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·      People can be immunised against a disease by introducing small amounts of dead or inactive pathogen into the body (vaccination). Vaccines stimulate WBCs to produce antibodies that destroy the pathogen. This makes the person immune to future infections by the microorganism, and these antibodies produced quickly in future infections

      Bacteria can mutate, sometimes causing them to be resistant to antibiotics. Antibiotics can only kill individual pathogens of the non-resistant strain, but individual resistant pathogens will survive and reproduce, and the population of the resistant strain will increase. Vaccinations may no longer work against this resistant strain, and it could cause a serious infection that can’t be treated by antibiotics.  The new strain would then spread rapidly because people are not immune to it and there is no effective treatment

·      Many strains of bacteria have developed resistance to antibiotics. Overuse and inappropriate use of antibiotics has increased the rate of development of antibiotic-resistant strains of bacteria. Therefore, doctors do not currently prescribe antibiotics for the treatment of non-serious infections, such as throat infections, to slow down the rate of development of resistant strains

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Cell Transport

·         Osmosis is the net movement of water molecules across a partially permeable membrane         from a region of high water concentration (dilute solution) to a region of low water                 concentration (concentrated solution)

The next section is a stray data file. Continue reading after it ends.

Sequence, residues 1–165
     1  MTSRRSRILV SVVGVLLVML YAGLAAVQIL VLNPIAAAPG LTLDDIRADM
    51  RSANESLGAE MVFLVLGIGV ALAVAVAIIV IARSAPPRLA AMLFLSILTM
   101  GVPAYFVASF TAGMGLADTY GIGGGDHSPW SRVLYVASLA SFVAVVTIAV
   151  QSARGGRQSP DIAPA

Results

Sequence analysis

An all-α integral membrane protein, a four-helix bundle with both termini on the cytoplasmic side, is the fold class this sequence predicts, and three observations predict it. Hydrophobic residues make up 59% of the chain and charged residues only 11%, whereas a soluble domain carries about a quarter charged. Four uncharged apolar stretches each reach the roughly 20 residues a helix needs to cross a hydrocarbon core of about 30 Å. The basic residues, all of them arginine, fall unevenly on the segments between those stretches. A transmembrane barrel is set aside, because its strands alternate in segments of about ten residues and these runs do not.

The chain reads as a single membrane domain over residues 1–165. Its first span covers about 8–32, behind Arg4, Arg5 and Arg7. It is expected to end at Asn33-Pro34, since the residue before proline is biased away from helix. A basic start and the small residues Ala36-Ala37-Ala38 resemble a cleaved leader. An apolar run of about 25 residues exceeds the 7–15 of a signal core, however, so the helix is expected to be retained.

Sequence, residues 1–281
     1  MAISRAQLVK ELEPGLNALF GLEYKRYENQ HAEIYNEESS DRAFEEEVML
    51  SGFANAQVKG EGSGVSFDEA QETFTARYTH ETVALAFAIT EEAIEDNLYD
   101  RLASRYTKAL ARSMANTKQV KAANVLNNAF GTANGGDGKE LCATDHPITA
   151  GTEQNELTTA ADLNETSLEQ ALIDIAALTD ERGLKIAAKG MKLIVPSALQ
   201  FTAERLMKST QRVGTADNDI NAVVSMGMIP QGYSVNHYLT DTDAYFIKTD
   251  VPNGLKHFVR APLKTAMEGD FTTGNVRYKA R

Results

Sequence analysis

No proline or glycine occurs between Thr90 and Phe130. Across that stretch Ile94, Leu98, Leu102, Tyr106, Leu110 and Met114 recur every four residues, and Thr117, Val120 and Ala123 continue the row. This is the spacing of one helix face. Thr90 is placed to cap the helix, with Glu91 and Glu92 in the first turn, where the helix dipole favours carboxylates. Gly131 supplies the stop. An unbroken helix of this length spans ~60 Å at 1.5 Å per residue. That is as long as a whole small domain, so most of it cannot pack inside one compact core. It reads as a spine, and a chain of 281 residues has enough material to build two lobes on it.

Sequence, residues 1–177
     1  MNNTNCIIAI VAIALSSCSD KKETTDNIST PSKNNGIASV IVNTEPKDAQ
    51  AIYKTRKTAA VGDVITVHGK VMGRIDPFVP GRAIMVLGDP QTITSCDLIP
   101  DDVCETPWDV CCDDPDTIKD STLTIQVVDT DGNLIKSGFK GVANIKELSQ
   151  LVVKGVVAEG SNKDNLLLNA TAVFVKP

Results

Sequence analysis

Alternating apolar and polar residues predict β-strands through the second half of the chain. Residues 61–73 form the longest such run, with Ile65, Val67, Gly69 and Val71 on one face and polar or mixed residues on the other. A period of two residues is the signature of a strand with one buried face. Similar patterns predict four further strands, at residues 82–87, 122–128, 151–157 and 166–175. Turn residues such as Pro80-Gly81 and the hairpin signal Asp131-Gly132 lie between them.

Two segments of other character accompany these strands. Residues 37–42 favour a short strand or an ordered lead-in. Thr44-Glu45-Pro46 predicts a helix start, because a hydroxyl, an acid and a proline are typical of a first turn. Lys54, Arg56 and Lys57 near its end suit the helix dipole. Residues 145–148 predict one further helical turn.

• Tissue fluid surrounds the cells in our bodies. This fluid will usually have a different water concentration than the fluid inside the cell- so water will either move into or out of the cell via osmosis
  • If the water concentration in the tissue fluid is higher than the cell fluid, the tissue fluid is called a hypotonic solution as water moves INTO the cell
  • If the water concentration in the tissue fluid is lower than the cell fluid, the tissue fluid is called a hypertonic solution as water moves OUT OF the cell
  • If the water concentration in the tissue fluid is the same as the cell fluid, the tissue fluid is called an isotonic solution as there is NO NET MOVEMENT

·         Active Transport moves substances along the cell membrane, against the concentration          gradient, via a carrier protein, using energy from respiration

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 Protease, produced by the stomach, pancreas, and s. intestine catalyses the breakdown      of proteins into amino acids in the stomach and s. intestine 

·         Bile is produced in the liver:

  • Stored in the gall bladder before being released into the s.intestine
  • The HCl acid in the stomach is too acidic for enzymes in the s.intestine to work properly. Bile is slightlyalkaline and it neutralises the acid to make conditions alkaline. Enzymes in the s.intestine work best in these alkaline conditions
  • Emulsifies fat (breaking down the fat into tiny droplets). This gives a much bigger surface area of fat for lipase to work on, speeding up digestion
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Nervous System

·         When an impulse reaches a synapse

o   It causes the release of a chemical

o   Which diffuses across synapse

o   And causes an impulse

o   To be sent to the next neurone

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·         The blood glucose concentration is monitored and controlled by the pancreas. Much of the glucose is stored as glycogen in the liver and muscles

·         If blood glucose levels are too high, the pancreas produces the hormone insulin, which allows the glucose to move from the blood into the cells

·         When blood glucose levels fall, the pancreas produces a second hormone, glucagon. This causes glycogen to be converted into glucose and released into the blood

      If we’re too hot: